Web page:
The name Casabasciana probably comes from the Roman settler called Bassius, who built his house here. The town is perched on the side of the hill about 4 kilometres up from Fabbriche di Casabasciana on the SS12.
My friend and I were invited by Heather Jarman from Sapori e Saperi to join the dinner put on by the Squadra di Cacciatori , the hunting team from Casabasciana, an offer too good to refuse, especially since the proceeds of the evening are to be used to renovate a building in town to provide help for some of the older residents.
We went up to the village in the late afternoon to discover the delights of Casabasciana.
The streets of the village are narrow, winding and steep.
There are lots of lovely old buildings to see.
I spotted a small statue of the Madonna in an alcove opposite the main church.
She was standing on an interesting base.
We wandered to the outskirts of the town where the buildings end and some of the farming area still exists.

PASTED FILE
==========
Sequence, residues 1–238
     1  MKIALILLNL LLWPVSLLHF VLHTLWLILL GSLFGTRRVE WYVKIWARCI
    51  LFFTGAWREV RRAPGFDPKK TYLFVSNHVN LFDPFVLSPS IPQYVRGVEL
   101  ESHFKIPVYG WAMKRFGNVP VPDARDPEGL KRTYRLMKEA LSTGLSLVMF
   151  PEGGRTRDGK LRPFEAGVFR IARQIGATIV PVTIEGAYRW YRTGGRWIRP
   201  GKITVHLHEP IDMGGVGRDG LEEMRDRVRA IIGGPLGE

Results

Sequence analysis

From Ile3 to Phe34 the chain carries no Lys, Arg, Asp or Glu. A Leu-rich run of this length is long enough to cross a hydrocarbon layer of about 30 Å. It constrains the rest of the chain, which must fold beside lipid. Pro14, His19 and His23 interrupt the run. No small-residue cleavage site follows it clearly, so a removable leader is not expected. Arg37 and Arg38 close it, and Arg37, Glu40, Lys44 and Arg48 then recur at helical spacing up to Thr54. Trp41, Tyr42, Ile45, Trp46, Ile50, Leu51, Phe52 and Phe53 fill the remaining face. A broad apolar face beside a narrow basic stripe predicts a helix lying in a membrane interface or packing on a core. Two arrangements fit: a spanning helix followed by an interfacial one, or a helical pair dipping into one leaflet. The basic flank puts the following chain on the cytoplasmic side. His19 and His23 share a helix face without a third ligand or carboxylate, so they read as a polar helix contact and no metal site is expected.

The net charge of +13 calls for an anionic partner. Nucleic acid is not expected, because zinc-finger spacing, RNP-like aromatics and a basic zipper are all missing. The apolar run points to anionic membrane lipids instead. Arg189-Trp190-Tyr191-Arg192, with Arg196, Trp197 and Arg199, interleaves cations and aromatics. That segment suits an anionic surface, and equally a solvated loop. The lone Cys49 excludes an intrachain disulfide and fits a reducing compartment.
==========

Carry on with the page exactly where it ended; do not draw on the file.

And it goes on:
We met Giovanni with his tractor loaded with wood.
He has lived all his life in Casabasciana and proudly showed us the house that belonged to his grandfather which he has renovated for his daughter.
He keeps a very neat wood pile.
Spring is coming to Casabasciana.
We met Heather who showed us some of the things we missed.
The communal washing area, which is still used.
Her garden shed.
Another little shrine.
Beautiful building decoration.
The oldest, and apparently the best water supply.
The lovely little church beyond the village.
The fresco inside the old church.
We were on the edge of town to see the sunset.
We went to the main square which looked beautiful at night.
The town is tiny, but it has a bar and an excellent shop which stocks everything.
We had a cup of tea in Heather’s lovely kitchen.
Her house has lots of gorgeous rooms.
Finally it was time for dinner.
Tommaso and Anna Rosa serving the crostini.
Patiently waiting for the next delicious course.
The chingiale arrives.
Renato carving the porchetta.
Alfredo enjoying his stinco (shin bone)
Pannacotta for dolce.
And as is that wasn’t enough, there were frittelle di San Giuseppe to follow.
If you get the chance to attend any of these local dinners, do so, you will love it.
Take a look at Heather’s website and blog. She knows all about the local festivals.
Casabasciana from above.